Trump sets metals tariffs but exempts Canada and Mexico
US President Donald Trump has signed off on deeply contentious trade tariffs, swatting aside warnings of a global trade war and protests from allies in Europe and at home.
Mr Trump has approved levies of 25% on imported steel and 10% on imported aluminum.
The White House said the measures would come into effect in 15 days.
The tariffs will not apply to Canada and Mexico initially, with officials saying that security and trade partners could negotiate to avoid the measures coming into effect.
Mr Trump said: "We have to protect and build our steel and aluminium industries while at the same time showing great flexibility and cooperation toward those that are real friends and treat us fairly on both trade and the military."
Describing the dumping of steel and aluminum in the US as "an assault on our country," Mr Trump later said that the best outcome would be for companies to move to the US.
He insisted that domestic production was needed for national security reasons.
"If you don't want to pay tax, bring your plant to the USA," he said.
Mr Trump has come under pressure from members of his own Republican party.
Tonight, Speaker Paul Ryan said he feared there could be "unintended consequences" after the introduction of the tariffs.
"We will continue to urge the administration to narrow this policy so that it is focused only on those countries and practices that violate trade law," he said.
Senator Jeff Flake said he would introduce a law to nullify the tariffs, while Republican chairman of the Senate Finance Committee, Orrin Hatch, also criticised the tariffs, but said he would work with the White House to "mitigate the damage".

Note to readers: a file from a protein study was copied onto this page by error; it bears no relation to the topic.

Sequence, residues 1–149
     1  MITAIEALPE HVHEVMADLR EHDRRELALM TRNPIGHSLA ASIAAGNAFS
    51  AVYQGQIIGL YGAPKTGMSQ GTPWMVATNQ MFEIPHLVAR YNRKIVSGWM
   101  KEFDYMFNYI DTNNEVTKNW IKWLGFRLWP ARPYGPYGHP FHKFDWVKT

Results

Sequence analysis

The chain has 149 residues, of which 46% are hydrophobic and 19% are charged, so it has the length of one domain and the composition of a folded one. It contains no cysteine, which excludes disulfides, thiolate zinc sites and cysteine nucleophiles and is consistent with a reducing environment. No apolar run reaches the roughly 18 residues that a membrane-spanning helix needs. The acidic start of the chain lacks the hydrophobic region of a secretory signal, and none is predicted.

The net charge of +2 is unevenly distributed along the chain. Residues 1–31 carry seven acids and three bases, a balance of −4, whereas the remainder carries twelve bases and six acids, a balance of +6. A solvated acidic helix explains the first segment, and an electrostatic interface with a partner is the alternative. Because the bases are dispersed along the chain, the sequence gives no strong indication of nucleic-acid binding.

Analysts believe the plan to offer relief to Canada and Mexico is a gesture aimed at putting pressure on them to give ground in separate talks on the North American Free Trade Agreement (NAFTA), which appear to be stalled.
US stocks rose after the announcement, while stock markets in Canada and Mexico rallied on the news, as did the Canadian dollar and the Mexican peso.
Mexico has rejected any linkage to NAFTA in robust terms, with Mexican Economy Minister Ildefonso Guajardo saying: "Under no circumstance will we be subject to any type of pressure."
Canadian Trade Minister Francois-Phillippe Champagne said his country would not accept any duties or quotas from the US.
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Mr Trump has also demanded concession from the EU, complaining that it treated American cars unfairly and has threatened to hike tariffs on car imports from Europe.
The tariffs have triggered the threat of countermeasures from the EU and China. They aim to hit China, although it exports very little of either metal to the United States.
Several major trading partners have said they will respond to the tariffs with direct action.
European Financial Affairs Commissioner Pierre Moscovici had warned that the EU had a "whole arsenal at our disposal with which to respond".
Countermeasures would include European tariffs on US oranges, tobacco and bourbon, he said.
Harley Davidson Inc motorcycles have also been mentioned, targeting Speaker Ryan's home state of Wisconsin.
Washington Correspondent @BrianOD_News examines Donald Trump’s tariffs on metals pic.twitter.com/e27NfgFpd5— RTÉ News (@rtenews) March 8, 2018